Laura Adkin has been working as an actress for awhile now, but has recently begun directing, and producing. This short was shot on an Olympus OM-D E M1 in Whistler during a 72-hour filmmaking contest.
How long have you been directing/writing? This was actually only the second film I’ve directed. I’ve been working professionally as an actor for over a decade and I got the itch to move behind the camera. I’ve been writing seriously for probably 4 years having made three of my short scripts into films and am currently working on a feature.
How many short films have you directed? So far I’ve directed 3 short films but I’ve acted in everything from shorts to features to Network TV to Webseries.
What is your top advice for first-time directors?
- Get an AMAZING team together. A great DP, First AD, Sound Guy (or girl) and Producer will save your life. Work with people who know what they are doing and trust them in their roles. Be clear with your vision and they will do what they need to do to make it happen
- PREP! Being prepared beforehand is essential. Work with your team, plan your shots, know what you want to get out of the day and then when you’re on set you will be as efficient as possible.
- Don’t forget to eat! The Director never leaves set and often forgets to eat. Understand what kind of fuel you need to keep you going and make sure it’s on set (for me it’s Coffee and sandwiches – and when I need that extra boost I need some gummy worms and chocolate).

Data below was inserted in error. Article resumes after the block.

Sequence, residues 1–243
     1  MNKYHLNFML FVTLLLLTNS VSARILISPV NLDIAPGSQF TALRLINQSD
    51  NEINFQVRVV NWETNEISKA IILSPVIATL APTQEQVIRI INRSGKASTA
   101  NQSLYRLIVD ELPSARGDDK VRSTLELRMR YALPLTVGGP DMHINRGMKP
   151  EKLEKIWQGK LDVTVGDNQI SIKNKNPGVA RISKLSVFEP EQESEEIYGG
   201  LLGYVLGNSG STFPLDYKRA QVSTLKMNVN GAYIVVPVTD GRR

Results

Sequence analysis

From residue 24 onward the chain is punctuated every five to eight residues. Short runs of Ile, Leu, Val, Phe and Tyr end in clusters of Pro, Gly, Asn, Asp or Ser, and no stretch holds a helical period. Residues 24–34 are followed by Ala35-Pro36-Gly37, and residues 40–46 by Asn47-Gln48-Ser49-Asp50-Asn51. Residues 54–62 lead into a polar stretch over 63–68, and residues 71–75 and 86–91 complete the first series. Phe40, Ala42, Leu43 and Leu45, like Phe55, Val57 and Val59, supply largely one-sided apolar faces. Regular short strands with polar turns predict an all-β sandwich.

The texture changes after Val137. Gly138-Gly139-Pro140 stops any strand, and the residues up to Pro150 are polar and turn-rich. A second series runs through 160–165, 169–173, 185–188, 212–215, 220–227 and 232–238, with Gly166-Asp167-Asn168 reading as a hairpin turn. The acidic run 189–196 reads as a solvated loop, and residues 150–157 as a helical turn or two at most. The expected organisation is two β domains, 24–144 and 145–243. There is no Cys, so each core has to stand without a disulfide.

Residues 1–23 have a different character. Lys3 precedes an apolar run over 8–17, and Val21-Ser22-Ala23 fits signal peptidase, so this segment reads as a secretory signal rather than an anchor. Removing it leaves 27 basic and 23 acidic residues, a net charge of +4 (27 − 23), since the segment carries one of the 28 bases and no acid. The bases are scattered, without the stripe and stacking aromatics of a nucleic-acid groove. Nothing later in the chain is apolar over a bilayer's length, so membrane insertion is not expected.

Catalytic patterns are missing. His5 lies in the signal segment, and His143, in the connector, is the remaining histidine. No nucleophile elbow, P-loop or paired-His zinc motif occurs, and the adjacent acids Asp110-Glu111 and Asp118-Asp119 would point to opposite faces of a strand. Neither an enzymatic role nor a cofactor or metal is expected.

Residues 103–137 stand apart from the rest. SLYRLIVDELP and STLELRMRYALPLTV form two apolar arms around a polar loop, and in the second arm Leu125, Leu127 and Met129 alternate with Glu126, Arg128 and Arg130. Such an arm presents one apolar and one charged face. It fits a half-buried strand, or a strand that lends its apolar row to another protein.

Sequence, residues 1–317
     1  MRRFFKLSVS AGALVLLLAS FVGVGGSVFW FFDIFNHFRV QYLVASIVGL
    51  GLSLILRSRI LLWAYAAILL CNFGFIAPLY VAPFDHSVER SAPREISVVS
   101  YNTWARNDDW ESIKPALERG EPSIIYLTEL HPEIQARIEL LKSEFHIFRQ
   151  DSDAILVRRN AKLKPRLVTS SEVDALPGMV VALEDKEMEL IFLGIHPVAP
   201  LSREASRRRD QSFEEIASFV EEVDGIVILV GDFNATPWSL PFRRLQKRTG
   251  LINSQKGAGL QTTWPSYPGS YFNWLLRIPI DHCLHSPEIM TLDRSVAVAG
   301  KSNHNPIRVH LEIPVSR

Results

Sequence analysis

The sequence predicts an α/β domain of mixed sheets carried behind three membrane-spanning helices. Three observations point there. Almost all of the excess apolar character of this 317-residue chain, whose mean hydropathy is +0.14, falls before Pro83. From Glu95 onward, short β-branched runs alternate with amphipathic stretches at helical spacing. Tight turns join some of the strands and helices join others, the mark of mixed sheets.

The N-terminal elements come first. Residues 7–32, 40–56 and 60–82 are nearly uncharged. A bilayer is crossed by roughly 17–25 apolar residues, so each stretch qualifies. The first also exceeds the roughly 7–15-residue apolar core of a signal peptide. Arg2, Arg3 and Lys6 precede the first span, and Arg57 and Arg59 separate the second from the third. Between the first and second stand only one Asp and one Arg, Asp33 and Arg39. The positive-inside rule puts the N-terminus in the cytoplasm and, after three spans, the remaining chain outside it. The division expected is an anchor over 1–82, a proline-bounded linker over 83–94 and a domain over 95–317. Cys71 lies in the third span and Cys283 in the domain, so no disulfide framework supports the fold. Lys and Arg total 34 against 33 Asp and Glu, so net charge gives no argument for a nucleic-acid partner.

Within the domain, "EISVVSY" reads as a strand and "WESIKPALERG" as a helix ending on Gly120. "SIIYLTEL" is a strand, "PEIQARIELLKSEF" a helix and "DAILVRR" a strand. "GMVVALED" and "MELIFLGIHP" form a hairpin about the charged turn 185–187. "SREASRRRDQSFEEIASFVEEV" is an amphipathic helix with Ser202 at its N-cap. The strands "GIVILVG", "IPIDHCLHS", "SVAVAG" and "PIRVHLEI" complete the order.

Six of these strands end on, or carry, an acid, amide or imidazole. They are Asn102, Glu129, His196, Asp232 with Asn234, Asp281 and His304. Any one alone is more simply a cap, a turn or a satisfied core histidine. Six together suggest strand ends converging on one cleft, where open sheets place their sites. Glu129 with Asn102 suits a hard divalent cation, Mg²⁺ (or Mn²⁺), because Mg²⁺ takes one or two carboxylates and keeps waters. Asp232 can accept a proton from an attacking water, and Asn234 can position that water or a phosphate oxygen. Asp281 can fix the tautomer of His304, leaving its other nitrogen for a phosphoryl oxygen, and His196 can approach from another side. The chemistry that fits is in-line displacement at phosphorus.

- Have fun and don’t be afraid to ask for help – but don’t let people talk you into things that compromise your goals. Know your vision but be open to ideas.
Is there any one part of the process that you enjoy more than the others? I love making movies, the entire process is great! Being on set and getting that perfect shot, when everything comes together is magic. But I also really enjoy the writing process, when your idea finally makes sense and falls into place. I generally do more than one thing on my films– for example on this film I wrote/directed/produced and starred in it, so when I produce, I’d saying doing paperwork is my least favorite thing and getting crew to fill out their paperwork is defiantly the hardest part!
What drew you to wanting to tell this story? We knew we’d be shooting in a mountain location and so I wanted to do my best to utilize our surroundings. Whistler is beautiful and I wanted the scenery to be part of our story. I also wanted to make a mountain culture film and I love doing comedy, so I started to brainstorm ideas of how that could work. I actually watched an amazing documentary called “The Crash Reel” by Lucy Walker about snowboarder Kevin Pearce. It was a really incredible film, and is clearly a different tone from “Road to Pyeongchang”, but it sparked an idea in my head about the snowboard culture and I thought it would be fun to make a mockumentary about someone training for the Olympics. As a bit of an homage to “The Crash Reel” my character wears a “Love Your Brain” (Kevin Pearce’s organization to help promote brain injury awareness) t-shirt during the interview section of the film.
What were some of the challenges in getting this film made and how did you overcome them? We made this film as part of the Whistler 72 Hr Filmmaker showdown so the most difficult part was shooting and editing a film in 3 days! We made it work by being prepared, I knew exactly what I wanted before we started shooting.
If you'd like to learn more about Laura, you can check out her website or find her on twitter @LauraAdkin or facebook at Facebook.com/TheLauraAdkin.